Discovering and settling Australia – a teaching resource for Australian history
Create an overlay utilizing a Google maps API that will show the location of HMS Endeavour at any given day during it’s journey of discovery. Attach scanned pages and transcripts from the Journal of the HMS Endeavor, 1768-1771 (National Library of Australia) to each point, highlighting significant dates and discoveries.
Also – though not part of the listed datasets for this competition – attach entries from Joseph Banks Endeavor Journal (at the State Library of NSW) – particularly those relevant to the discovery of Australian Flora and Fauna to this layer.
Create a second overlay utilizing the journals in the First Fleet Collection (State Library of NSW) that will show the First Fleets location on any given day during it’s journey to Australia – with interesting transcripts, scanned diary entries and artworks attached to these points and with significant dates highlighted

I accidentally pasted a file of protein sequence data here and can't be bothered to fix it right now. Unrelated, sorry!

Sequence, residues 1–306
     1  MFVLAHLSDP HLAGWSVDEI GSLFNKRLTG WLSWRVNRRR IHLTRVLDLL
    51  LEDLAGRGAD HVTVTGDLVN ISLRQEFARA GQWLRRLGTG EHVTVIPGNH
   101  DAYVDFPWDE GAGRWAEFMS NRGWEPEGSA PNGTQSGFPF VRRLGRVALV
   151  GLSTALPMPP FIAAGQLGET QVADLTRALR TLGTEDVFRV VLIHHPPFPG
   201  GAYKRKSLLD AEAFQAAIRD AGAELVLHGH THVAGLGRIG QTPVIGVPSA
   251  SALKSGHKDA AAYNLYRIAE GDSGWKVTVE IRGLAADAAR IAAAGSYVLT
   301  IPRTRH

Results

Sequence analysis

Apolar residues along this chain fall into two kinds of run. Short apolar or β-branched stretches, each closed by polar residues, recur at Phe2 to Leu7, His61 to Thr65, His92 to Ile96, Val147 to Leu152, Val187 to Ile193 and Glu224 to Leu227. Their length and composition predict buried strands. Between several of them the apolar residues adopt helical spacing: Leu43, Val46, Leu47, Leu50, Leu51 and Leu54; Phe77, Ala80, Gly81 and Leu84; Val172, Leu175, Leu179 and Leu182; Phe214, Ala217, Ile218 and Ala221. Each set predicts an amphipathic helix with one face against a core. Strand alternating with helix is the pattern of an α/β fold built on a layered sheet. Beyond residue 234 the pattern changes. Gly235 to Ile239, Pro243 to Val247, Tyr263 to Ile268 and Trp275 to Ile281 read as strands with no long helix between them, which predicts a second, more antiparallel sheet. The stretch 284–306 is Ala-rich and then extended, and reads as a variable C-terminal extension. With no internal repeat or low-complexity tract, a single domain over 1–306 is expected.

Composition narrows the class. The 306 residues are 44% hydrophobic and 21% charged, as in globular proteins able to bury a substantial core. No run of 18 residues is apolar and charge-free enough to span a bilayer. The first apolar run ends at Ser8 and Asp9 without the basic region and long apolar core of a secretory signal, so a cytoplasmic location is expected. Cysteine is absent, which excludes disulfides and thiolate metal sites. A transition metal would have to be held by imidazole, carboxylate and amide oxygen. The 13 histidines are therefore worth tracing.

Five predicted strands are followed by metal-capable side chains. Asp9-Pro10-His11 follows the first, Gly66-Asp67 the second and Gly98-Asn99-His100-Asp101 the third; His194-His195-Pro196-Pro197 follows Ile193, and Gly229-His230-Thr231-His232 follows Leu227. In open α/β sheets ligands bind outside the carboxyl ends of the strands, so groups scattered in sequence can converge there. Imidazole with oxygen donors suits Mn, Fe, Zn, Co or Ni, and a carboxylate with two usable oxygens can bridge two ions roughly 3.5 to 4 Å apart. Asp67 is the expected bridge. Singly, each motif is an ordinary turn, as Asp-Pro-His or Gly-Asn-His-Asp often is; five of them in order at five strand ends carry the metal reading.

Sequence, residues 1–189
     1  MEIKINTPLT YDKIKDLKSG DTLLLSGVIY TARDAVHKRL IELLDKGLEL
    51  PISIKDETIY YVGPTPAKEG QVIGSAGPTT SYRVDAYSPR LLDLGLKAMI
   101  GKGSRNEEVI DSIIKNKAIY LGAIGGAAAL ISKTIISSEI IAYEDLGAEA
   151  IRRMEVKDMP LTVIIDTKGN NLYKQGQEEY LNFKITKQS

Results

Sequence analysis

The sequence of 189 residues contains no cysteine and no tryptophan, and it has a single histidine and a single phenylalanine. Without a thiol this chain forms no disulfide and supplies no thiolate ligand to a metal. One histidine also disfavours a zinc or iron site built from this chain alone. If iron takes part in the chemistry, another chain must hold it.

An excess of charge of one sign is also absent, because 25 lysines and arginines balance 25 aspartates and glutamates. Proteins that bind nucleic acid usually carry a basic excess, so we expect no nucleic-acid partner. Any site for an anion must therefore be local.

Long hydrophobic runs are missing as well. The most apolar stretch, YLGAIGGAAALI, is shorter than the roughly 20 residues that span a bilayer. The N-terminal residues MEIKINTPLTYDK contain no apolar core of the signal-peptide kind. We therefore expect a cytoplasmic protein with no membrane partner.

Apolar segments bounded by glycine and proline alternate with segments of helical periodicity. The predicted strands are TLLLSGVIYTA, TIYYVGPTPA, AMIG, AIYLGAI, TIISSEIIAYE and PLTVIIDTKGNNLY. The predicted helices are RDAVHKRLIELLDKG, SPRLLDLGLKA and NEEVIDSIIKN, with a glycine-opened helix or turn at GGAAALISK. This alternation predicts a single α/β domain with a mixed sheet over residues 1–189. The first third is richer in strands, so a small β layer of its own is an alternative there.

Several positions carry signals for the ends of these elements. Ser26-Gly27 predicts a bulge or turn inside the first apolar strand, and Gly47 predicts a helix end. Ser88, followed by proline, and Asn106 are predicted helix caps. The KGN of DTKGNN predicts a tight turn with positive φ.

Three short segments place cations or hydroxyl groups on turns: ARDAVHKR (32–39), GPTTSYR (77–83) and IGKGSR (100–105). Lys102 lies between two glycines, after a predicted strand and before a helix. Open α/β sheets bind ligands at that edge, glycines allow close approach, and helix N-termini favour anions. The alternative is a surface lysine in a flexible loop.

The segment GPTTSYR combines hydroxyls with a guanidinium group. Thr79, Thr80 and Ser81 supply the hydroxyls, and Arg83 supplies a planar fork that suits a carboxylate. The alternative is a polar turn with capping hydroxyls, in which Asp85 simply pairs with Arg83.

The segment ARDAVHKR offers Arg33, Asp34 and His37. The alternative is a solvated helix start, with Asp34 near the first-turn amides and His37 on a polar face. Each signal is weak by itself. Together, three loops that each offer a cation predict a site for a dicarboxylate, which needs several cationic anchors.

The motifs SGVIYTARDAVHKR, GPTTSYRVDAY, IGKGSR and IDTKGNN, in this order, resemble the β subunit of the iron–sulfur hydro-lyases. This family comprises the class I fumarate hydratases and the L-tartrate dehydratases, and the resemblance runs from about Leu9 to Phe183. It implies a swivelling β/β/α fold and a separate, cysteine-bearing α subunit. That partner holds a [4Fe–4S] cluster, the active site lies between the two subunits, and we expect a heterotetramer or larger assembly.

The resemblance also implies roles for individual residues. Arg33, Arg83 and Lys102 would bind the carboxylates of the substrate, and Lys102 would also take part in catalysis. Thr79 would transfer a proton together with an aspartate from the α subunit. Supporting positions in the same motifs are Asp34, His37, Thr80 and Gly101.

This project could be extended to cover other significant journeys of discovery around Australia where journals and diaries can be found in public collections.
I would like to see a useful conspectus that provided information on which Australian libraries held which subject specialisations. There is already some capability in ALG. However, it is of very limited value, and searching is restricted to a minimal set of subject headings and data entered by individual libraries.
Collection data is available from TROVE library location and services data is available from ALG (and other data sources e.g. for Victoria)
I wanted to link the photographic collections from the State Library of SA and Trove to Google Maps so that when you zoom in on a council area, and to specific streets, historic photos related to that area or street would pop up. This would be useful for local history groups, people researching their family history (or the history of a property), and for general historical interest.